Besides being a good speller, said his mother, Belinda Cunningham, he is fun to be around.
“He has a great sense of humor,” she said.
Principal Glenn Starnes II of Gibson was also on hand to cheer on Jordan.
Charley Einstein, who is in the third grade at Whitaker Elementary, won the school’s spelling bee with the word “espionage.” So, for now, that’s her favorite word.
One day, Charley would like to become a teacher so she can help other young people as they learn.
“I really like learning,” she said.
Her brother, Thomas, who is in the fifth grade was Whitaker, was there to cheer her on, along with their parents, Chip and Amy Einstein.
When her mother talked about what makes their daughter special, she said, “She has a lot of love.”
“I think she has a zest for life,” said her father. “She is kind, sweet, funny.”
Yuridia Noyola Olmedo, who is in the sixth grade at John F. Kennedy, chose “outgoing” as her favorite word because she likes its meaning.
“I believe a lot of people can be outgoing,” she said.
In her own life, she makes a point to reach out.
“If I see something sad, I ask them what is wrong. I try help them out,” Yuridia said.
For a career, she would like to become a therapist so she can help other people.
Marley Via, who is the Instructional Facilitator at Kennedy, was there with Yuridia.
“She is very charismatic,” Via said. “I don’t think I have ever seen her meet a stranger. She is always smiling.”
Jamir Wilkins, who is in the fourth grade at South Fork Elementary, likes the word “believe” because of its meaning.
“I always believe in myself,” Jamir said.
Aaron Sandidge, who is in the fourth grade at Cook Literacy Model School, thinks there are so many great words that he couldn’t say he has a favorite regular word. He does like the word “Spider-Man” because Spider-Man is his favorite the super hero.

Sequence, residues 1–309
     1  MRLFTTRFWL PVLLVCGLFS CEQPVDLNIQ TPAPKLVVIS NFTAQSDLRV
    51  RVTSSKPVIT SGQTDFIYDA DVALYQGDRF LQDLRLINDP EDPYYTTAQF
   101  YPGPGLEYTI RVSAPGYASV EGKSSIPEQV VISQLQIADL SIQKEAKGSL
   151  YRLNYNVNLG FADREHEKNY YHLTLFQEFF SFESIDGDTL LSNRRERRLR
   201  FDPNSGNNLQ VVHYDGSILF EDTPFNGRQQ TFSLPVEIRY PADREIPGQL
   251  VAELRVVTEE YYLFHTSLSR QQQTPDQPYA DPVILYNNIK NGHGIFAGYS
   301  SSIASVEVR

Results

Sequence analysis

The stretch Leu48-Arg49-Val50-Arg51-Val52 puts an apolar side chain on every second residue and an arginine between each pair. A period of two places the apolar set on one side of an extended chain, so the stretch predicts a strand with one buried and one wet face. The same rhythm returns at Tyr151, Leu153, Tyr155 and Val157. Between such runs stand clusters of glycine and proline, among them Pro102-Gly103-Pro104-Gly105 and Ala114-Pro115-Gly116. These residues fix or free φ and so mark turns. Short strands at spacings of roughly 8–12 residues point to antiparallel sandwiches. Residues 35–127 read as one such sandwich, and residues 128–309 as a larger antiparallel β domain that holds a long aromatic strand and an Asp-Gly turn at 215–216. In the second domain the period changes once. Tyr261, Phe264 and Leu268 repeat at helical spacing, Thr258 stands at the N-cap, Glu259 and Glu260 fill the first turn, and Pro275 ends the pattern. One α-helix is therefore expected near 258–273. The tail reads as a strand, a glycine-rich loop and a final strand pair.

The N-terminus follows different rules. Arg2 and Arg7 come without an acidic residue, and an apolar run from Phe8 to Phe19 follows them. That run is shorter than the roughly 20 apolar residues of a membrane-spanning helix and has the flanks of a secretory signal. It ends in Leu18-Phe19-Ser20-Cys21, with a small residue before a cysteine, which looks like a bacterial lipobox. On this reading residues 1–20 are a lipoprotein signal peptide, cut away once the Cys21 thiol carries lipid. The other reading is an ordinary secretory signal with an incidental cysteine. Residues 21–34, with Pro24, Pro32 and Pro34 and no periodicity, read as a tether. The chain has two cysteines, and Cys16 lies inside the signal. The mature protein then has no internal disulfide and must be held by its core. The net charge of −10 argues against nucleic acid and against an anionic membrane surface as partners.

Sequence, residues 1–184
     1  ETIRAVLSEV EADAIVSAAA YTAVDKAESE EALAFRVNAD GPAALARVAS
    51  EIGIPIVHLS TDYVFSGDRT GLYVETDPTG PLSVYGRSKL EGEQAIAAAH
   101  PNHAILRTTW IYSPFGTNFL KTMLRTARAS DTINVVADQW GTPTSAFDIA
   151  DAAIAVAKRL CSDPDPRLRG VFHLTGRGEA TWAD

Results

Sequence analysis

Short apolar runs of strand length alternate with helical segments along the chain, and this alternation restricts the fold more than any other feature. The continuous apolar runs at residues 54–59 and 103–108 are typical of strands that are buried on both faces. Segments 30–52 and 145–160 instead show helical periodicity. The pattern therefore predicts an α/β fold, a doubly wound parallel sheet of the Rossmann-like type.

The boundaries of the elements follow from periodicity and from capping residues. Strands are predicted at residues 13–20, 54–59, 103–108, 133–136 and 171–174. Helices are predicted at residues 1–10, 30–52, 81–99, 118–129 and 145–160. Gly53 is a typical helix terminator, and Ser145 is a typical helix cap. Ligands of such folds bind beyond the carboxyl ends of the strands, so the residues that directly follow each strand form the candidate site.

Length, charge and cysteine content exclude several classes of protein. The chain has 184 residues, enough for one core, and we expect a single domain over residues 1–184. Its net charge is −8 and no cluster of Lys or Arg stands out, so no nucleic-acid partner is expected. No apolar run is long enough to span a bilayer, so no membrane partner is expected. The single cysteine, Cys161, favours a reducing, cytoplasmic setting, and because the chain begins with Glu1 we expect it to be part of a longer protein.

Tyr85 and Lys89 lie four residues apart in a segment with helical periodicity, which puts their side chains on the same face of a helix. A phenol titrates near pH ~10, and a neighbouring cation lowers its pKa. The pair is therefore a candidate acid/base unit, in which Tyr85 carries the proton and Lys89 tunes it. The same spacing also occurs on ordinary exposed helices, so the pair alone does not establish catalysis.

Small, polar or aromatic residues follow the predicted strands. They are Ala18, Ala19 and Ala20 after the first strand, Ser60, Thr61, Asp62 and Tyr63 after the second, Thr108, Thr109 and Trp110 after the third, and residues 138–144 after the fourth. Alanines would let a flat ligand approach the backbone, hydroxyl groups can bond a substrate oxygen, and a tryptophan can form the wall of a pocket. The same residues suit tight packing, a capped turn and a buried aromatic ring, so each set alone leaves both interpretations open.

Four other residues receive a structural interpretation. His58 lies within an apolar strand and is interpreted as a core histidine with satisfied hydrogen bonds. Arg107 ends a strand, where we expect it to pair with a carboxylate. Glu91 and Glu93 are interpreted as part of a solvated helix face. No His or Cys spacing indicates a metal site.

As for studying for the spelling bees, he keeps at it.
“I study at school – I study at home,” Aaron said.
Aaron’s younger brother, Corbyn, who is in the second grade at Cook, was there with their uncle, Brandon Sandidge-Brodie to support Aaron.
“I am very proud of him,” Sandidge-Brodie said.
Brady Vallance, who is in the fifth grade at Clemmons Elementary, likes the different ways that words sound. He is fond of “grandiose” because that was his winning word. When it comes to a favorite day-to-day, though, his favorite word would have to be “basketball” because he wants to become a point guard on a professional basketball team one day.
The day brought a bonus for Brady’s older brother, Ethan, who is now in the seventh grade at Clemmons Middle. When Ethan won the Clemmons Elementary bee when he was a fourth-grader there, they didn’t give out trophies.
Now that Wendy Brewington is principal, they do give out trophies. So, when she came to the District Bee to cheer on, Brady, she brought a trophy for Ethan to the District Bee.
Their father, Chris Vallance, said he would have to give his wife, Erin, credit for their sons’ spelling gene.
“I have to give her credit on that,” he said. “They get their competitiveness from me and smartness from her.”
They’re good boys, he said. “They are kind, loving, giving. They both have great spirit.”
Both also respect those who serve and join him in thanking and shaking the hand of every officer and person in the military they come upon.
“They are both super special,” Erin Vallance said.
When it was time for the practice round to start, all of the spellers headed to the chair with their number on it. Melissa Agee, the school system’s Program Manager for Secondary English Language Arts, welcomed everyone and answered students’ questions.
Agee introduced the pronouncer – Chris Runge, the Station Manager for Cable 2 – and the judges – Kelley Bendheim, the Early Learning Coordinator; Velvet Simington, the Director for Mathematics; Jackie Pierson, the Program Manager for Media Services.
Agee went over the rules in English. Anna Posada, the Instructional Coach for Middle School Mathematics, went over the rules in Spanish.
After a practice round with such simple words as “dog” and “cat” to give the students a chance to get comfortable with such logistics as raising or lowering the microphone when the speller before them was taller or shorter, everyone took a break.
When it was time for the official round to start at 10 a.m., Superintendent Beverly Emory congratulated the students for being the champions at their schools.
“That means you are rock stars already in this entire school system,” Emory said.
Nearly 400 words and three hours later, Brendon Hooper was declared the winner by correctly spelling “Beetewk.”